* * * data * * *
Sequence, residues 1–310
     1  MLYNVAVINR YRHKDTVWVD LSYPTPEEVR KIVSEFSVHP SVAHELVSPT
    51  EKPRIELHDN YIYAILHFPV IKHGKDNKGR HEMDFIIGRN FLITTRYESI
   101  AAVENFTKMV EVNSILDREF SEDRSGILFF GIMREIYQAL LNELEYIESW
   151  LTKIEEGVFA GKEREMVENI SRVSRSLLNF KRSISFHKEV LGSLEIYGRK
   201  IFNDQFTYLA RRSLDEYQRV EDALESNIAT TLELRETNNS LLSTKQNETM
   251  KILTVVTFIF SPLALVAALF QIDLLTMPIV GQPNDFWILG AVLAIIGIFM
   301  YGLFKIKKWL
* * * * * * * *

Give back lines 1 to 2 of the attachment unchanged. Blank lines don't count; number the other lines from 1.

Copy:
Sequence, residues 1–310
     1  MLYNVAVINR YRHKDTVWVD LSYPTPEEVR KIVSEFSVHP SVAHELVSPT